“[Researchers] found that the amount of violence in films has more than doubled since 1950 … From 1985 to 2012, the amount of gun-related violence in R-rated movies stayed pretty much the same, and the amount for those rated G or PG actually dropped. It was the PG-13 movies, which are typically the big summer blockbusters, that saw a huge surge in gun violence. The study was published online in the journal Pediatrics.”

Martin of Tours: Feasting Martin of Tours on Veterans Day by Shane Claiborne [essential reading]

“I absolutely love that the Church celebrates Martin of Tours, the ‘patron saint of soldiers,’ on the same day as Veterans Day. Ironically, Martin … refused to fight, left the military, and coined the phrase: ‘I am a soldier for Christ… I cannot fight the wars of man.’ I can’t imagine a better person to remember on Veterans day.”

Martyrdom: Are There Really 100,000 New Christian Martyrs Every Year?

“… when you hear that 100,000 Christians are dying for their faith, you need to keep in mind that the vast majority – 90,000 – are people who were killed in DR Congo. This means we can say right away that the Internet rumors of Muslims being behind the killing of 100,000 Christian martyrs are nonsense. The DRC is a Christian country. In the civil war, Christians were killing Christians.”

links: this went thru my mind (on violence)

 

Christ’s cross & violence: Does Jesus’ Cross Inform a Christian View of Violence? [required reading]

“After reading a bit of Miroslav Volf, and some of his work on the cross of Christ and human violence, I am convicted by some of his conclusions regarding what the Cross says about violence. … Seeing Jesus’ death on the cross as Jesus’ challenge to violence itself, Volf suggests four considerations …”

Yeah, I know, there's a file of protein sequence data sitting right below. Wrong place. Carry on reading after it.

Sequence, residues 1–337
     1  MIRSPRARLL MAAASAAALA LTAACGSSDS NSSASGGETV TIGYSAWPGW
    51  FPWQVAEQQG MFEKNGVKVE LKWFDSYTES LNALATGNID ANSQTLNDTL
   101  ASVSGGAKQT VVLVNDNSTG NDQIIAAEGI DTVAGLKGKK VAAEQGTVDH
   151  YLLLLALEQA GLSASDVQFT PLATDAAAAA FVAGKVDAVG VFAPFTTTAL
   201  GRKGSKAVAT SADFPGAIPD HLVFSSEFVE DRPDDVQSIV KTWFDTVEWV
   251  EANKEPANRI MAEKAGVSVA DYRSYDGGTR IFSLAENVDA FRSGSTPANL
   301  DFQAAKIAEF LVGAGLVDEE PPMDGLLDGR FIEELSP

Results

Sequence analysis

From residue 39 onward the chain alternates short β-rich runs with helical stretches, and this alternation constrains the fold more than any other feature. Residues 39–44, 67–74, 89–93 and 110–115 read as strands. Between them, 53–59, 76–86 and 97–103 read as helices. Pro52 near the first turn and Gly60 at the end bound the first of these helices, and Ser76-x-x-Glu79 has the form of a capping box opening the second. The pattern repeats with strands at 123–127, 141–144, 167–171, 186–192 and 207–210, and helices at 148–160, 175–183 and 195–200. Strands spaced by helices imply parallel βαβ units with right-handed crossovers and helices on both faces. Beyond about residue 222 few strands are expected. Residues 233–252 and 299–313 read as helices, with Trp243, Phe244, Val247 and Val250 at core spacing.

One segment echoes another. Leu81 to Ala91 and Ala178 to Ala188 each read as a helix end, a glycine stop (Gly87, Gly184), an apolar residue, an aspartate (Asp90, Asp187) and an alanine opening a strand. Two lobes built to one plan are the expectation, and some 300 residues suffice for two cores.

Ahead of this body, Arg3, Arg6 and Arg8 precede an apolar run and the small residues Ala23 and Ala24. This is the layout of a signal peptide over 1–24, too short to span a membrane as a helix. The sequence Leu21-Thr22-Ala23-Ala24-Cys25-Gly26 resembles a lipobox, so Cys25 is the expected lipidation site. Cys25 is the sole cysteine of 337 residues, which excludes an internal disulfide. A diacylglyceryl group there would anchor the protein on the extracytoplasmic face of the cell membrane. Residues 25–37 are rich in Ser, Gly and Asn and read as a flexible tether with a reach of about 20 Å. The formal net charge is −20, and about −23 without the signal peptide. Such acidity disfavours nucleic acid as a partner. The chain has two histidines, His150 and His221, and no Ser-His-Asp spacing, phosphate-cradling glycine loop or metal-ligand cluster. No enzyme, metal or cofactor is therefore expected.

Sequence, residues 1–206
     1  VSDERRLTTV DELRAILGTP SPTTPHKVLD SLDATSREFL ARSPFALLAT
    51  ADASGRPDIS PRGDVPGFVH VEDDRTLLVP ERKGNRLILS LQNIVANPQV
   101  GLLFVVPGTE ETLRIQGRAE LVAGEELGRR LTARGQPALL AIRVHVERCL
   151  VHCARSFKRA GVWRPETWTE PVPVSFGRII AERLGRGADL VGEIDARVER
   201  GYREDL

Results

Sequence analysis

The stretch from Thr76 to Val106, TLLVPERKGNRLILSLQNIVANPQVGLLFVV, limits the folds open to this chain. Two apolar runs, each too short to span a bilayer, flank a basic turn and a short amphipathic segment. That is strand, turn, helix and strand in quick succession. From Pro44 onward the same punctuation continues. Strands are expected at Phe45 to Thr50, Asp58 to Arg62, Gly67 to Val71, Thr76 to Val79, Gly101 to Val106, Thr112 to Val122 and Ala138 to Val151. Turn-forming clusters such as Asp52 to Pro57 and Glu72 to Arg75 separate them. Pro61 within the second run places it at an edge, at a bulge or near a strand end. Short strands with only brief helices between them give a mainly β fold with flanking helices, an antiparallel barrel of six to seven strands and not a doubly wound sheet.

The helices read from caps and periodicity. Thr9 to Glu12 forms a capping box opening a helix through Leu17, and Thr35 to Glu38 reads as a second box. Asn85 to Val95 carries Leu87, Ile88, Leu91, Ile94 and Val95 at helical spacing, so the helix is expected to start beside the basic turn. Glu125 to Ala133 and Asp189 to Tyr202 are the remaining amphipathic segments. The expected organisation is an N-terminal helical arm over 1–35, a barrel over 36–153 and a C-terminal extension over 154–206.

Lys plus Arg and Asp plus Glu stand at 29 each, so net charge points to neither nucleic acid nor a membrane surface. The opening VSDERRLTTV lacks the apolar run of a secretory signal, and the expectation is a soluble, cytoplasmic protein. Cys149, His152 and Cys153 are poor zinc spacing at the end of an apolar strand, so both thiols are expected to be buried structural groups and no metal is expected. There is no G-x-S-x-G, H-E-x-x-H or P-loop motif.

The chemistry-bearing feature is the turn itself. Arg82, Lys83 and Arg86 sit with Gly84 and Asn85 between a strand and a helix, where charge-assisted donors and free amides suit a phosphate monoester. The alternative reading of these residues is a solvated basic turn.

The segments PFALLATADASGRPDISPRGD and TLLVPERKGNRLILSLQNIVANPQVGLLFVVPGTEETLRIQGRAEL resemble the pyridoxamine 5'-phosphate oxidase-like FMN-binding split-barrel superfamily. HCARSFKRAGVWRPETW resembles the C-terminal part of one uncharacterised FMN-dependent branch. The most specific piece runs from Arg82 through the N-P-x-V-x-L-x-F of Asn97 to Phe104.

Christian faith, Martin Luther, rationalization, the Sermon on the Mount & violence: Pacifism: A Place to Begin

“Some of the saddest lines I have ever read by a Christian, let alone one of Luther’s status, are these. … Utter nonsense.”

Cities & crime rate: 2012 Metropolitan Crime Rate Rankings

“Includes murder, rape, robbery, aggravated assault, burglary, and motor vehicle theft.”

Violence: A Brush with Violence [required reading]

“We need to be working alongside God and Jesus to redeem all that is wrong in the world. This means we must be working to end the violence that has overtaken our society. … Where do we begin? … We must do something. Here are a few suggestions.”

links: this went thru my mind (on violence)

 

V-for-violenceChildren, toy guns & violence: Children Steamroll Weapons in Iraq

“… hundreds of toy weapons collected by children in Iraq.  With the help of some big people, the kids drove a steam roller over the pile weapons smashing them to oblivion.”

Christian martyrdom & persecution: The War on Christians [essential reading]

“The global persecution of churchgoers is the unreported catastrophe of our time.”

Forgiveness & murder: Forgiving (and Loving!) Your Only Son’s Killer

“Mary Johnson’s only son, 20 year old Laramiun Byrd, was murdered during a fight at a party by 16 year old Oshea Israel. Mary visited Oshea in prison and they experienced a miracle of forgiveness and healing that is evidence of divine grace.”

Pacifism & Revelation: * Greg’s Response to Driscoll’s “Is God a Pacifist” (parts 1, 2 & 3) [required reading]; * If Jesus is a Pansy, I Want to Be One, Too – Reflections on Christlikeness

* “I’m sure many of you have read Mark Driscoll’s recent blog titled “Is God a Pacifist?” in which he argues against Christian pacifism. I’ve decided to address this in a series of three posts, not because I think Driscoll’s arguments are particularly noteworthy, but because it provides me with an opportunity to make a case against what I’ve come to see is probably the most common way that Christians try to get around the pacifist implications of Jesus’ (and the rest of the NT’s) teachings on loving enemies. It centers on the allegedly violent Jesus of the book of Revelation.”

* “… when we think of Jesus, we have a choice to make if we are truly committing our lives to follow him. Either he taught nonviolent resistance or he did not.”